Chapter

Plea Bargaining

Mary E. Vogel

in Coercion to Compromise

Published in print November 2007 | ISBN: 9780195101751
Published online March 2012 | e-ISBN: 9780199851461 | DOI: http://dx.doi.org/10.1093/acprof:oso/9780195101751.003.0001

Series: Oxford Socio-Legal Studies

Plea Bargaining

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This chapter traces the beginnings of plea bargaining in antebellum Boston, Massachusetts, the first sustained instance of the practice known, thus far, to exist. It explores the social origins of plea bargaining and the adaptations of it that took place as the practice rose to prominence, and examines how judges drew on a unique element of common law legal culture called episode leniency as they responded to a perceived crisis of social order. The chapter highlights how plea bargaining profoundly changed the nature of criminal justice, and discusses issues concerning the beginnings of plea bargaining in partisan contest and political stabilization.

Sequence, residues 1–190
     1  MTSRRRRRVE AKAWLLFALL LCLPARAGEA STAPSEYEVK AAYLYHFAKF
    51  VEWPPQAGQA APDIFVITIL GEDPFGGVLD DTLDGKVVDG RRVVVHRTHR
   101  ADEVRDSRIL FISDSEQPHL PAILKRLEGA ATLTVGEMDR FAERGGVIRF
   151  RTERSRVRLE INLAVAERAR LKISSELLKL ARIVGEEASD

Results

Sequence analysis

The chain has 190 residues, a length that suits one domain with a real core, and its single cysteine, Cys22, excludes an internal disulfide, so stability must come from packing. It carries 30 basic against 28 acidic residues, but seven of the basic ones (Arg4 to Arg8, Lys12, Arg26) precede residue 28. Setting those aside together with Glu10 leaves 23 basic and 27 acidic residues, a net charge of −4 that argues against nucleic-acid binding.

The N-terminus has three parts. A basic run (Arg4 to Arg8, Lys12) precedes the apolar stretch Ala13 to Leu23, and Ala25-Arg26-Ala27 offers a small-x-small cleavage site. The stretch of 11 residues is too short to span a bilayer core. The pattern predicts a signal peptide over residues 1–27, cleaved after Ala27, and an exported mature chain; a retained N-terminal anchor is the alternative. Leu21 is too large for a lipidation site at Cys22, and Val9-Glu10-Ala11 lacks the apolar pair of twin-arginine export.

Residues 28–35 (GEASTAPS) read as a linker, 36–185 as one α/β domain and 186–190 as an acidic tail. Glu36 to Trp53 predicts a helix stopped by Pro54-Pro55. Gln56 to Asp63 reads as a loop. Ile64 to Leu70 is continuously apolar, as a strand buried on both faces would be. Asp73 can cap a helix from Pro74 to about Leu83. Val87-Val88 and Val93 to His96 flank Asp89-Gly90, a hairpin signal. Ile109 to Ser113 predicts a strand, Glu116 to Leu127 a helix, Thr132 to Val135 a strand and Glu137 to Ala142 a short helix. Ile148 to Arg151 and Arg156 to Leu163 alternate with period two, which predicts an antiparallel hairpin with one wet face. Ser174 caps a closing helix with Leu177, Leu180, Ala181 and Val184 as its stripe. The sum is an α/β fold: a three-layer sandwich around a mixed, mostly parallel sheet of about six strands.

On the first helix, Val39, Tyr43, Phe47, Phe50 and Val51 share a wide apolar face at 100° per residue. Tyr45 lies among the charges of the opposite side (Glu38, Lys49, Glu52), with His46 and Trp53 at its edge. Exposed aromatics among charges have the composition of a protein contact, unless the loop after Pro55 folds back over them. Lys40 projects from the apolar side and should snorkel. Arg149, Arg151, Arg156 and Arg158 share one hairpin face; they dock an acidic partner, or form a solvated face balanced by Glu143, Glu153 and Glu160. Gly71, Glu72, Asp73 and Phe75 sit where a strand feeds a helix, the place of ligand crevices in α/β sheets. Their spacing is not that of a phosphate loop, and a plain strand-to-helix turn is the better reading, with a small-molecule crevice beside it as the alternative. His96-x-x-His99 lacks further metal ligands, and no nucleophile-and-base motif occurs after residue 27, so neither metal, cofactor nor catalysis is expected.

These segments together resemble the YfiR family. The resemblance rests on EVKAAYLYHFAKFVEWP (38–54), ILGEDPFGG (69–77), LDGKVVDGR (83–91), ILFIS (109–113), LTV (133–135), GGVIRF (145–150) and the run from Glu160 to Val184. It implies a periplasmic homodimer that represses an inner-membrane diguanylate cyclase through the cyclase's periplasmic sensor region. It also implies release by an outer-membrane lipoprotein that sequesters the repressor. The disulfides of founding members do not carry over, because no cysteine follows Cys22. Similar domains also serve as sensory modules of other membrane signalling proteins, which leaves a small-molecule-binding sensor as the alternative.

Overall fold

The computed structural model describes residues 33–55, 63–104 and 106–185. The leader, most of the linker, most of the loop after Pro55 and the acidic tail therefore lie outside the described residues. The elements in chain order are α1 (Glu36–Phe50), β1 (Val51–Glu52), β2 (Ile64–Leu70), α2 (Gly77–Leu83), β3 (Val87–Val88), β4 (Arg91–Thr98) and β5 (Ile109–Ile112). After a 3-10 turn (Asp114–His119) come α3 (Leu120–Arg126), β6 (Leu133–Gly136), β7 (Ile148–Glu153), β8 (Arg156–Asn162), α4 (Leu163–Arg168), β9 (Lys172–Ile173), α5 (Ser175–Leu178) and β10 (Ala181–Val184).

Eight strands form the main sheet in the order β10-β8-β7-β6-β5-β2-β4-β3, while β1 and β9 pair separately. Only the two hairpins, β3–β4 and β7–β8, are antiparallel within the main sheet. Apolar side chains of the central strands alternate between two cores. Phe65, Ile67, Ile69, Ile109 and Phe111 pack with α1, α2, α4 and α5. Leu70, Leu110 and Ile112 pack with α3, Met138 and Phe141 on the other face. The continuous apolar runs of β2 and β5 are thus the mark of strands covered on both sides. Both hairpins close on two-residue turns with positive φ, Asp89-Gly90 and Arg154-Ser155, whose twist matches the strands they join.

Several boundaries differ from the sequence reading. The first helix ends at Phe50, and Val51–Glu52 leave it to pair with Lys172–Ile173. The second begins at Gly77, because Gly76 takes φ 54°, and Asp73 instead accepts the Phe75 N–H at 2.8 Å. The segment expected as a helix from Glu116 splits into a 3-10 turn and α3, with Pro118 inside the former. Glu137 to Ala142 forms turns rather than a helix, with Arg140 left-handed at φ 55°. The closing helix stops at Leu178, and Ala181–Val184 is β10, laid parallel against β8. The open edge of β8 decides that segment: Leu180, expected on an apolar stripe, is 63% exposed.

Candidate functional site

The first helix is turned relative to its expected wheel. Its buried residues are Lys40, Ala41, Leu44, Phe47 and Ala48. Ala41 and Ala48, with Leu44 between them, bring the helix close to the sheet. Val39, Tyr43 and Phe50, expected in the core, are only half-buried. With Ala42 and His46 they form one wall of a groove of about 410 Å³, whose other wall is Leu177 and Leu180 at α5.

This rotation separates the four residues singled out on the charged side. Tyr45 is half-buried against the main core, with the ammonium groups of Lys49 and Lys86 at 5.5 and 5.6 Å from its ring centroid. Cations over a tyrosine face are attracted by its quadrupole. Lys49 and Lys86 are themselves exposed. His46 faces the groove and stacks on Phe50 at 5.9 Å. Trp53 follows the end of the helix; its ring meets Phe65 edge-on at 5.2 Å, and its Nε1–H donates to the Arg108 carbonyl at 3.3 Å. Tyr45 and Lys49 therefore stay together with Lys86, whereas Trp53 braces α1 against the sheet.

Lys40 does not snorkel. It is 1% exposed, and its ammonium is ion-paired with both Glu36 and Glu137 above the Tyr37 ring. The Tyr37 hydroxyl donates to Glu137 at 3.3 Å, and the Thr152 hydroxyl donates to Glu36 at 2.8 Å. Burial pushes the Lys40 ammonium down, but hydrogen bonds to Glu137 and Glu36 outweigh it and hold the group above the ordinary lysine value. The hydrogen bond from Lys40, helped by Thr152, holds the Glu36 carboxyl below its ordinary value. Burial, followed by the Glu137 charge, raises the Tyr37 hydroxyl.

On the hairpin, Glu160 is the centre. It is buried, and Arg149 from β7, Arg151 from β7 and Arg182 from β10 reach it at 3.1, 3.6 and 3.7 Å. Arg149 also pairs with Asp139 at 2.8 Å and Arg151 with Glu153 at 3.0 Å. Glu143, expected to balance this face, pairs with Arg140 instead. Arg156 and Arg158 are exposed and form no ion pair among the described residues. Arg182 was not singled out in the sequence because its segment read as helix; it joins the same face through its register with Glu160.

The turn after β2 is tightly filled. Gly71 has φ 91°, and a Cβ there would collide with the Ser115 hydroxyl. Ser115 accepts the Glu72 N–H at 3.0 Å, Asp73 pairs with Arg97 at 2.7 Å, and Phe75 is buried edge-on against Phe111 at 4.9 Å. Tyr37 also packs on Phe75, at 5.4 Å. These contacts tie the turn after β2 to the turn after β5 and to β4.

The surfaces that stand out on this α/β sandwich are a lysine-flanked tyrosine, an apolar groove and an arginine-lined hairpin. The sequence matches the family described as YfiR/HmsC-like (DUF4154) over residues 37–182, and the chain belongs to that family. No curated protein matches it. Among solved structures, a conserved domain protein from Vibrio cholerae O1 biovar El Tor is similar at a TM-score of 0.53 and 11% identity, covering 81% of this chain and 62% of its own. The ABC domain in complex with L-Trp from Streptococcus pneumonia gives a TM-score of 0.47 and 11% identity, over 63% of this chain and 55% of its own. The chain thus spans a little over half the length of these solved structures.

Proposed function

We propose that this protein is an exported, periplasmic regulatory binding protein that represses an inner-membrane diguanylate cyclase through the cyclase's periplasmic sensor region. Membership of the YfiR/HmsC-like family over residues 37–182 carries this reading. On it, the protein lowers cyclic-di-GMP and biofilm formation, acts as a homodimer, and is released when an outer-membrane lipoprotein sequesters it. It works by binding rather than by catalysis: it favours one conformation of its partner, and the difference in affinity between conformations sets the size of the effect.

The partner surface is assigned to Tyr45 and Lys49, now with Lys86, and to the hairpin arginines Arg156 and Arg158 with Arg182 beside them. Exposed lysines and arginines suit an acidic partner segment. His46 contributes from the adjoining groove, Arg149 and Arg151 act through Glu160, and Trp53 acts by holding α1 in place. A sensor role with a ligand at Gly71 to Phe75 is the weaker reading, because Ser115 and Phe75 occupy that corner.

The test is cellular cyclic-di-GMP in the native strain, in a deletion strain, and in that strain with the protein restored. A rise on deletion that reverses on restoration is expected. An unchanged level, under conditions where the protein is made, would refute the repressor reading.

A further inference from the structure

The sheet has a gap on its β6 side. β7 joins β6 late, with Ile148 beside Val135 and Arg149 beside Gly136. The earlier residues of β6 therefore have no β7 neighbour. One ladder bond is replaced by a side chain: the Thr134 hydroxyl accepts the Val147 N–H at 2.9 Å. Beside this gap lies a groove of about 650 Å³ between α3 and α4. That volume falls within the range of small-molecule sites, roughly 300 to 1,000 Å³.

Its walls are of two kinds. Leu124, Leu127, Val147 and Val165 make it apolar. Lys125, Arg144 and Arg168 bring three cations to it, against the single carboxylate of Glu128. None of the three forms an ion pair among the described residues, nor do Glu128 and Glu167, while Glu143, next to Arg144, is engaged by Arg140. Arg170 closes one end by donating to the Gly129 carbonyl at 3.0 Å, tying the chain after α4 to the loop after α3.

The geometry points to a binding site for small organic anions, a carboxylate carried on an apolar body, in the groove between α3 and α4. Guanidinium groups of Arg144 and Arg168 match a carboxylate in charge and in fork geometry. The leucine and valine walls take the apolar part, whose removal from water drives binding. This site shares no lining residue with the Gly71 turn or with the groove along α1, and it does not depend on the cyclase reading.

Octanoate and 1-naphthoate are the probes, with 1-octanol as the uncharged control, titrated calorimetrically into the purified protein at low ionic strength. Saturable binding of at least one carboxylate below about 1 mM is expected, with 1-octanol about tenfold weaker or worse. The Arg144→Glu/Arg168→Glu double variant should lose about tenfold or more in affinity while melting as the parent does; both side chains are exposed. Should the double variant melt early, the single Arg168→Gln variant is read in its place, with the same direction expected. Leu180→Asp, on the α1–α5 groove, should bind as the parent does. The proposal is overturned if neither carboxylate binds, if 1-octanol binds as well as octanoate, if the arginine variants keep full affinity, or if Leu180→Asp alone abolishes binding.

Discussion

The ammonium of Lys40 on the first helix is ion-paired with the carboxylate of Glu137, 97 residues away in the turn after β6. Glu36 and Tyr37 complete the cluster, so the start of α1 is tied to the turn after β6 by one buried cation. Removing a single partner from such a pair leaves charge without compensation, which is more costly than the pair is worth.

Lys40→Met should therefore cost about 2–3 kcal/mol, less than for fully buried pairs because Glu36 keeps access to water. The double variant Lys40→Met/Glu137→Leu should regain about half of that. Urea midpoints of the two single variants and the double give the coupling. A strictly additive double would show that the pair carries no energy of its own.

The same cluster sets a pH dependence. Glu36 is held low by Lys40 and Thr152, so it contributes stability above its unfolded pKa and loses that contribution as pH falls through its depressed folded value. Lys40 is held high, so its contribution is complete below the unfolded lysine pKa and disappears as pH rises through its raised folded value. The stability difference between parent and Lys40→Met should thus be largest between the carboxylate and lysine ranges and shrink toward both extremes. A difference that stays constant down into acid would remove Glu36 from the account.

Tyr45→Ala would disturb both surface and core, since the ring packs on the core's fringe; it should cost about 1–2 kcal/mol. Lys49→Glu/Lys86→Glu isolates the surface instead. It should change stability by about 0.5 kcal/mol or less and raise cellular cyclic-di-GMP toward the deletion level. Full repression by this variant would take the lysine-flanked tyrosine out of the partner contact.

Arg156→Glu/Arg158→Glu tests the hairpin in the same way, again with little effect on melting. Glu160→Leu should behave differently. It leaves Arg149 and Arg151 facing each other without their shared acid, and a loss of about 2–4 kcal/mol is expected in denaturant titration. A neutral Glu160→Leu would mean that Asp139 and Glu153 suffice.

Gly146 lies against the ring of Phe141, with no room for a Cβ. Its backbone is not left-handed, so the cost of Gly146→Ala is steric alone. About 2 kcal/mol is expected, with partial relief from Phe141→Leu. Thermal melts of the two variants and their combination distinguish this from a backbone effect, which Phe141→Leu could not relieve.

Keywords: plea bargaining; antebellum Boston; Massachusetts; social origins; judges; legal culture; social order; criminal justice; partisan contest; political stabilization

Chapter.  13916 words. 

Subjects: History of Law

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